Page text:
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I have a few Abstract classes that have the core functionality of some UserControls in my project. I also have two separate implementations both deriving from the Abstract classes; lets call them AbstractImpl1 and AbstractImpl2. In addition, I have Collections of the Abstract UserControls that I iterate through in several places.

The issue I'm having is InvalidCastExceptions - I need to iterate through the implementations rather than the abstact UserControls to get to certain properties (visual). Is there a clean way of dealing with this other than doing a try/catch?

Example:

In my project I have Abstract classes: AbsUserControl Then I have two separate implementations of them: AbstractImpl1 and AbstractImpl2

In my main form I have ObservableCollection<AbsUserControl> absControlCollection and then iterating through items I do foreach(AbstractImpl1 userControl in absControlCollection) to be able to access the visual aspects. The issue is that ObservableCollection<AbsUserControl> absControlCollection could either be comprised of AbstractImpl1 or AbstractImpl2 objects.

Is there a clean way of dealing with this? Right now, every place I iterate through the objects in absControlCollection I surround it with a try/catch block, trying to iterate through AbstractImpl1 objects then catching an InvalidCastException and proceeding with iterating through AbstractImpl2 objects.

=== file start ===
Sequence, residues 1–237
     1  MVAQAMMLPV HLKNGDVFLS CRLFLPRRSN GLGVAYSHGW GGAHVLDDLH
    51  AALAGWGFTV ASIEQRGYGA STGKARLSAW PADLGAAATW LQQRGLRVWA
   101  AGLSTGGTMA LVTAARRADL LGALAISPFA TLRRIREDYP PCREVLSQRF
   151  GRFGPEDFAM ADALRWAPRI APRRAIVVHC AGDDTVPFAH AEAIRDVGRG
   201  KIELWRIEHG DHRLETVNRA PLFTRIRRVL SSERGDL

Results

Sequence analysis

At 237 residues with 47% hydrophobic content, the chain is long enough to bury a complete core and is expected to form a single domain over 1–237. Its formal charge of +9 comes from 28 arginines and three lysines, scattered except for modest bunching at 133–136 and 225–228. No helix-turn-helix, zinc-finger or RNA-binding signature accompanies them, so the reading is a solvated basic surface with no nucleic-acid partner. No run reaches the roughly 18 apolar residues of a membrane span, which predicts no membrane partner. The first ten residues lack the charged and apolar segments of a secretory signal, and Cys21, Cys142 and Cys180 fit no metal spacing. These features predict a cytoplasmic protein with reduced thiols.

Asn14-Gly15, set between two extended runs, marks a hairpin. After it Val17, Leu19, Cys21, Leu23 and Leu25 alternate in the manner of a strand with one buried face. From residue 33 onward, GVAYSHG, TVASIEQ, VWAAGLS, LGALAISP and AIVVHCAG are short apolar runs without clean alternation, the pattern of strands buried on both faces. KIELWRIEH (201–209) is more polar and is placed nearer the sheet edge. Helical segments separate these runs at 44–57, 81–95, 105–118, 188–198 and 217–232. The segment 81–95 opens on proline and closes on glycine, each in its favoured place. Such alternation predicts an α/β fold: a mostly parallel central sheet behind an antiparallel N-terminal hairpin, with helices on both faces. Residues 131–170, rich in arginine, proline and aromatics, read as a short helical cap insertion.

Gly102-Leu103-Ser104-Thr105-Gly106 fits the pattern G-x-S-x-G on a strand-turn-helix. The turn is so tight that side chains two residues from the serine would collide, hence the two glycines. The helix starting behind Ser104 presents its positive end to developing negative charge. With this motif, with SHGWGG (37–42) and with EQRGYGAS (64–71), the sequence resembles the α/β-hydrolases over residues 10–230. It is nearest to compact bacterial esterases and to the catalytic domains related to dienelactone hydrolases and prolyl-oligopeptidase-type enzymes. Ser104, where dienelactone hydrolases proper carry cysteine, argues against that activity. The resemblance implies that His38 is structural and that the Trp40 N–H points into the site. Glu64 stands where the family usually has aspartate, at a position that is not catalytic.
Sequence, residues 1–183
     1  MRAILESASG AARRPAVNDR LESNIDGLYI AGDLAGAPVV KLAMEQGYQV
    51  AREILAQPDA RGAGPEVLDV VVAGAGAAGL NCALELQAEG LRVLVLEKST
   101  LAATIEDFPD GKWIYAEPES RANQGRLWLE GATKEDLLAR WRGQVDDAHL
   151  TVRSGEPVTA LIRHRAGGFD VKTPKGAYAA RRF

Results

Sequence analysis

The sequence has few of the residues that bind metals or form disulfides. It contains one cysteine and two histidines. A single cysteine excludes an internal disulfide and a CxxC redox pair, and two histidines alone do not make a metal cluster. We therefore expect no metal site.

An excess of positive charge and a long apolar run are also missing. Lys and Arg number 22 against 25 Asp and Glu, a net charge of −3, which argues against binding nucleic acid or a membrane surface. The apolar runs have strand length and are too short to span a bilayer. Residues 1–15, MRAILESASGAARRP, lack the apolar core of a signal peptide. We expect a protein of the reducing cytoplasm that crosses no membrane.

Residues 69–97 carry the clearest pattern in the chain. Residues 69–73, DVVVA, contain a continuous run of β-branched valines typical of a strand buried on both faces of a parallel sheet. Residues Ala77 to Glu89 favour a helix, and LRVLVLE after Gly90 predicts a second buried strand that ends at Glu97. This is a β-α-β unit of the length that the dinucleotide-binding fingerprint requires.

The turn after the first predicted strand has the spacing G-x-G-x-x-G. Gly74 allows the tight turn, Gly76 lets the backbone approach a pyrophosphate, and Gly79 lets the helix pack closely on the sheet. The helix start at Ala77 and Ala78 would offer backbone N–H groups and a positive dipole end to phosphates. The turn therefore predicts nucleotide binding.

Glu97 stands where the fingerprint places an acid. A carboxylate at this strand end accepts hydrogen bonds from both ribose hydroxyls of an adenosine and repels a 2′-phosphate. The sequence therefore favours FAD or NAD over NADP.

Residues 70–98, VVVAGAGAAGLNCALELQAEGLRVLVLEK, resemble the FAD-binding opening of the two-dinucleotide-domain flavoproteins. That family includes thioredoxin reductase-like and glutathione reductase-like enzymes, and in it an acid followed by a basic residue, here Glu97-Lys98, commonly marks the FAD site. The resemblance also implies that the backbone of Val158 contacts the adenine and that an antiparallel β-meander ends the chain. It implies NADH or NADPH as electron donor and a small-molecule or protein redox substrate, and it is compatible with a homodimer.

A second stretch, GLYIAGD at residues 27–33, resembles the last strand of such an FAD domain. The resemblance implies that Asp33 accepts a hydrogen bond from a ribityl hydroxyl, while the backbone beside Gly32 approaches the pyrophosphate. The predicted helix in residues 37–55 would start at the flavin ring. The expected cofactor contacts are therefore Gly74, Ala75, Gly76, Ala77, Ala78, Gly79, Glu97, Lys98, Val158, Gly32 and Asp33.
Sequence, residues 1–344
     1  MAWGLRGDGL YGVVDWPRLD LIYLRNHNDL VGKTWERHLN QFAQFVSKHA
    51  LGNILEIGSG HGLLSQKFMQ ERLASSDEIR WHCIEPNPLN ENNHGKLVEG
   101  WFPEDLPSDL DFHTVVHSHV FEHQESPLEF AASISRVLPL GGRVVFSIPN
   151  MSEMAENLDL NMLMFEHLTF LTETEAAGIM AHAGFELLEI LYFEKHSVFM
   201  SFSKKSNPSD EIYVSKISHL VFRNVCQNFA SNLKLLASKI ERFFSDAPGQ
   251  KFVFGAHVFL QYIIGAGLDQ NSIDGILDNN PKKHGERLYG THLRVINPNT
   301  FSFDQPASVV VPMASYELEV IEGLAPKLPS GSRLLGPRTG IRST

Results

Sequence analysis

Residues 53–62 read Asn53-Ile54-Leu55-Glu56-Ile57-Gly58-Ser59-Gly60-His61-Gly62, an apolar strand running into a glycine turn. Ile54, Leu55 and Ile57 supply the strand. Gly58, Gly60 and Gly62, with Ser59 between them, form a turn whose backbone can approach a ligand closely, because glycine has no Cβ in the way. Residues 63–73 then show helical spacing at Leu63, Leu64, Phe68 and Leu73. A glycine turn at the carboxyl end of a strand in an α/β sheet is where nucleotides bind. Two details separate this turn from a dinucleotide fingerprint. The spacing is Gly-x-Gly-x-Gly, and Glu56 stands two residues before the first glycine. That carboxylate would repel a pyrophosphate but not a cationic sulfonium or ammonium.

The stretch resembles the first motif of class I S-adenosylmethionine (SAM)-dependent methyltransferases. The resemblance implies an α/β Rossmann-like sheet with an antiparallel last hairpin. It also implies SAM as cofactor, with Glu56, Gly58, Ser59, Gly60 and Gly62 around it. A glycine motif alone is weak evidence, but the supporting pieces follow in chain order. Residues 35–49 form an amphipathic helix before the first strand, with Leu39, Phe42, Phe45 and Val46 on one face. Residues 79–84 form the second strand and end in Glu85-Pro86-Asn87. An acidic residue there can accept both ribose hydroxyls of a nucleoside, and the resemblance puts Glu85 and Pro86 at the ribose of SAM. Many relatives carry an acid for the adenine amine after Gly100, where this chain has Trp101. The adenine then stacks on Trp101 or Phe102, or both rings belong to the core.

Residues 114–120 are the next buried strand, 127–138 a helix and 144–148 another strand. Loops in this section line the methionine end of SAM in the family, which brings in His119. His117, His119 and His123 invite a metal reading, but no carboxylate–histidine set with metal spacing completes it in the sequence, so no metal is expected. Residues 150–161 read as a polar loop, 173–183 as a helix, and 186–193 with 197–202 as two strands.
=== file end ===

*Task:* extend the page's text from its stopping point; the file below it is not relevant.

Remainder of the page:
Let me know if any more information is needed. Thanks!

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Do you mean the collection is all Impl1 or all Impl2, never a mixture? –  Rawling Jan 18 '13 at 14:26
    
@Rawling Right now the collections are either Impl1 or Impl2, but it is possible that I would want a mixed collection later on –  Saggio Jan 18 '13 at 15:50

3 Answers 3

up vote 2 down vote accepted

An alternative to OfType; casting without exceptions:

foreach(AbsUserControl control in absControlCollection)
{
    if(control is AbstractImpl1)
    {
        AbstractImpl1 i1 = (AbstractImpl1)control;
        DoStuff(i1);
    }
    if(control is AbstractImpl2)
    {
        AbstractImpl2 i2 = (AbstractImpl2)control;
        DoOtherStuff(i2);
    }
}
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Thanks! Even though Rawling's answers is 'cleaner' this actually meets my needs better - a lot of the logic in the foreach() loops are common between the two implementations, so it makes more sense for me to check which implementation it is within the foreach(), do the specific logic, then continue with the common logic rather than having a separate foreach() loop which would force me to repeat logic. –  Saggio Jan 18 '13 at 16:50

Use OfType to do the filtering for you:

foreach(AbstractImpl1 userControl in
    absControlCollection.OfType<AbstractImpl1>())
{
    ...
}
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Thanks! This is a very clean implementation, but @SebastianNegraszus's solution actually meets my specific needs better –  Saggio Jan 18 '13 at 16:54
    
Yeah, I'd probably go for his solution myself too :p –  Rawling Jan 18 '13 at 18:37

You can use LINQ's OfType method to safely filter out only the concrete implementation that you are interested in. Your foreach would then look like:

foreach(var userControl in abcControlCollection.OfType<AbstractImpl1>())
{
    /* ... */
}
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